Pharmacological and biochemical data have suggested deficiency in glutamatergic transmission in schizophrenia. Low concentrations of glutamate have been reported in cerebrospinal fluid samples from schizophrenic patients (Kim et al. 1980); however, the most convincing evidence of the glutamate hypofunction hypothesis of schizophrenia is based on the fact that phencyclidine (PCP), a psychotomimetic drug that blocks the NMDA receptor, produces a syndrome that appears similar to schizophrenia (Javitt and Zukin 1991). PCP binds to a site in the ion channel which is gated by the NMDA-type glutamate receptor (Reynolds and Miller 1990). PCP and other NMDA channel blockers, such as MK-801 and ketamine, act as a non-competitive antagonists of glutamate-mediated ion conductances. Hence, PCP psychosis is thought to be the result of reduced NMDA receptor function.
Although it is usually the NMDA receptor that is implicated in schizophrenia, disturbances of any of the glutamate receptors could result in a condition that produces the appearance of an abnormally functioning NMDA receptor. For example, NMDA receptors are blocked by magnesium at physiological concentrations, and AMPA receptor-mediated depolarization of the membrane extrudes magnesium from the NMDA receptor complex (Reynolds and Miller 1990). Therefore, a pathological change in the function of non-NMDA receptors may affect the NMDA receptor.
Given the possibility of glutamate receptor dysfunction in schizophrenia, the expression of ionotropic glutamate receptors has been studied in post-mortem brain of schizophrenia patients and abnormalities in glutamate receptors have been reported in many brain areas (reviewed by Meador-Woodruff and Healy 2000; see also Deakin and Simpson 1997). Some of these reports have not been replicated and have been done primarily in membrane preparations. These studies illustrate that the occurrence and nature of glutamate receptor abnormalities in schizophrenia can differ between brain regions.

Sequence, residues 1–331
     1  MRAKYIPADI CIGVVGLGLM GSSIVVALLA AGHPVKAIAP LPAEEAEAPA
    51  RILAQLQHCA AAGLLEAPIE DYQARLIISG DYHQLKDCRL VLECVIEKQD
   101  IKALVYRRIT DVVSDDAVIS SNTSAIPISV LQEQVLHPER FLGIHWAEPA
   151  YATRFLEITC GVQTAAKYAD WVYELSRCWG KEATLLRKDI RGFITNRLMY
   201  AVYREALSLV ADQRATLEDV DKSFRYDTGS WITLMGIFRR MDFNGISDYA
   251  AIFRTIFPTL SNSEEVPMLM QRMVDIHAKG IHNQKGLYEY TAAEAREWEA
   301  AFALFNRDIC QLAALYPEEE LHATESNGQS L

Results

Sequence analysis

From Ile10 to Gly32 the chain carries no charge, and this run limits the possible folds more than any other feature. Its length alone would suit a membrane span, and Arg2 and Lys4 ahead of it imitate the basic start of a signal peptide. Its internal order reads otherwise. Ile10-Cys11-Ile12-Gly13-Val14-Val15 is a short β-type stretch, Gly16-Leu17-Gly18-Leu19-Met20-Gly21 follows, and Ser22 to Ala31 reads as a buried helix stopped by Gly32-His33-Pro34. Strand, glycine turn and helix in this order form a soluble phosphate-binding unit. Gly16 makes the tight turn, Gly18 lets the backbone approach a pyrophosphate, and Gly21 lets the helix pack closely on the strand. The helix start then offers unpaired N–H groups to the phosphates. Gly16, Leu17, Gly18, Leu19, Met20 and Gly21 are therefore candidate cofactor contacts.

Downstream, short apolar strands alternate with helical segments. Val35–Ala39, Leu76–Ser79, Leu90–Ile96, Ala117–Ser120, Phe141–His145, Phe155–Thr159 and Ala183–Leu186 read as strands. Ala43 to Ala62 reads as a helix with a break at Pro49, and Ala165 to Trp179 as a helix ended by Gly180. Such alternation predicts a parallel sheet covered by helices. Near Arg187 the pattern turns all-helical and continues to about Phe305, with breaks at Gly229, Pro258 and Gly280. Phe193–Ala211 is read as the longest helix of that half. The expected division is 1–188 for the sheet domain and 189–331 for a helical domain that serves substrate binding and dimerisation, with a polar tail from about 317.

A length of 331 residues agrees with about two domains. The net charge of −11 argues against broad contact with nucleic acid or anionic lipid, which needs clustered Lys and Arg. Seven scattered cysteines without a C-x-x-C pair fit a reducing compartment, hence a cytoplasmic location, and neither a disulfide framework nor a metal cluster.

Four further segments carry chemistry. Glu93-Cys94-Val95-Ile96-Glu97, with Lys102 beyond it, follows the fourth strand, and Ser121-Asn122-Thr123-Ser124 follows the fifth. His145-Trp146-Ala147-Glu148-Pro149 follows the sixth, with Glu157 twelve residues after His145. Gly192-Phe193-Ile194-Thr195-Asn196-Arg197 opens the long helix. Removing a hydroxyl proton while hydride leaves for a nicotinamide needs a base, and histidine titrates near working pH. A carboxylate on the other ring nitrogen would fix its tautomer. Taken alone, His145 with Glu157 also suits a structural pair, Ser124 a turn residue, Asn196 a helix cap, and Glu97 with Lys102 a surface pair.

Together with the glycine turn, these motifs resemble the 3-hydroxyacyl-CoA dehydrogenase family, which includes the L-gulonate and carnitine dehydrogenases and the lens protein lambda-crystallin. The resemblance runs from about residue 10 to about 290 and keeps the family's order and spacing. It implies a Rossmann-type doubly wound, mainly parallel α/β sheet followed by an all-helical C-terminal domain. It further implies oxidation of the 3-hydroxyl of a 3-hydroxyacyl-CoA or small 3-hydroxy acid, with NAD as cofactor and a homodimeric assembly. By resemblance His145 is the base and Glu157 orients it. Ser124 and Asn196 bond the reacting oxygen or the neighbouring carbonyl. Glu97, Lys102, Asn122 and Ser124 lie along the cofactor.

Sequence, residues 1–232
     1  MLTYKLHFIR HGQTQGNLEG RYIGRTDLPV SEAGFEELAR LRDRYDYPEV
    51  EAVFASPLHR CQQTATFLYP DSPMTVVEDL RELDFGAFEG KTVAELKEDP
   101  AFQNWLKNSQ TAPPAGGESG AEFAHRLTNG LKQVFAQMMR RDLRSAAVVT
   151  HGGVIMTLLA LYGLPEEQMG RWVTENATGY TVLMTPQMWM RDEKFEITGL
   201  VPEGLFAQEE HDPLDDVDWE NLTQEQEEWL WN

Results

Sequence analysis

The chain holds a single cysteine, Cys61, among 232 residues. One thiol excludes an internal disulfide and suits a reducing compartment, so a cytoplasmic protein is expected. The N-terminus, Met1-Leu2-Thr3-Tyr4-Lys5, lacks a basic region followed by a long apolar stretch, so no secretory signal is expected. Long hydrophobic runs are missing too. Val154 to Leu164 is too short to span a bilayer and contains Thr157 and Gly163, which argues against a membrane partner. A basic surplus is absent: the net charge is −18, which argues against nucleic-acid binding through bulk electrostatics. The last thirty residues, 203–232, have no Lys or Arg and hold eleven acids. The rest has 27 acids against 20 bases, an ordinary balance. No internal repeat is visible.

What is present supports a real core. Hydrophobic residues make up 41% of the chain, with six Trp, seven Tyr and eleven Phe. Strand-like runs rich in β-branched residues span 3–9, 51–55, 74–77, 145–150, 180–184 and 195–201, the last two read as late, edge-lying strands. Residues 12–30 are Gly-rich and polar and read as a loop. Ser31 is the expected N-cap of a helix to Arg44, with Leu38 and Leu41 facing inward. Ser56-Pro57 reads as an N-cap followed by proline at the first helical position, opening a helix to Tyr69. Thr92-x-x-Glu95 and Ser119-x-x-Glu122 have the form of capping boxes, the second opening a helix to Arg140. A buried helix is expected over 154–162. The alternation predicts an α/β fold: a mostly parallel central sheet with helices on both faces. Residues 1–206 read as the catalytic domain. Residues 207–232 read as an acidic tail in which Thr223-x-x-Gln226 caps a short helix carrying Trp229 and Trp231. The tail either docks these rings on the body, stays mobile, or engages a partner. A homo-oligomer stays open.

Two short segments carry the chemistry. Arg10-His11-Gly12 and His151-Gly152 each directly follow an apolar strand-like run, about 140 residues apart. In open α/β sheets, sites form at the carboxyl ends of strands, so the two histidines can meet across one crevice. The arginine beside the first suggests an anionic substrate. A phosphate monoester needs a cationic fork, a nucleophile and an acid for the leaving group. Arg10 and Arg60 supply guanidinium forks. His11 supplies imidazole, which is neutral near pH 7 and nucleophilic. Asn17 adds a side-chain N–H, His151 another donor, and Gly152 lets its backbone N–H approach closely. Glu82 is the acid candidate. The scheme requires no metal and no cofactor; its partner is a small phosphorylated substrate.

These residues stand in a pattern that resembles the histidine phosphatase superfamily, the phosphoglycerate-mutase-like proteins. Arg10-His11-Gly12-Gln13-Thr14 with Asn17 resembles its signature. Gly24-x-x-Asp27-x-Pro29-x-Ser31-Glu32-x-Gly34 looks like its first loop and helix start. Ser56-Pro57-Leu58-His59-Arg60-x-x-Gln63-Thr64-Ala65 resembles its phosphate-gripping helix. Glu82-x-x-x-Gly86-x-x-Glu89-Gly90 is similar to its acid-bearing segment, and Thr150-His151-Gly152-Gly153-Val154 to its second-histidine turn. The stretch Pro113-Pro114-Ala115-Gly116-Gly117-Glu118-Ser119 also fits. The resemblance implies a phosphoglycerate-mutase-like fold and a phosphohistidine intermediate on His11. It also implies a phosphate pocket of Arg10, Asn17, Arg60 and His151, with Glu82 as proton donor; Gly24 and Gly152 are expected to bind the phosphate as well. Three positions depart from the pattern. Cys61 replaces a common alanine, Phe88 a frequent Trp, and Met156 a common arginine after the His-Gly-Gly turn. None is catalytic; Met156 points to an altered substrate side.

The anterior cingulate cortex (ACC; Brodmann's area 24) is localized within a gyrus on the media surface of each hemisphere, bordering on the corpus callosum. It receives projections from the amygdala (Vogt and Pandya 1987), thalamus (Vogt et al. 1979) and hippocampus (Vogt et al. 1979; Tamminga et al. 2000), possibly excitatory in nature. Abnormalities in glutamatergic neurotransmission have been reported in the ACC in schizophrenia. Recent studies using post-mortem human ACC indicate a dramatic increase in vertical glutamatergic axons in the superficial layers of ACC in schizophrenia (Benes 2000) and imaging studies suggest impaired activation of ACC in patients with schizophrenia during performance tasks, which could be attributed to a reduced efferent glutamatergic signal from the hippocampus to ACC (see Tamminga et al. 2000 for a review). In addition, there is a growing evidence indicating abnormalities in other neurotransmitter systems in the ACC in schizophrenia including dopamine, GABA, and serotonin, that could contribute to an abnormal excitatory activity in this brain area (Benes 2000; Zavitsanou and Huang 2002).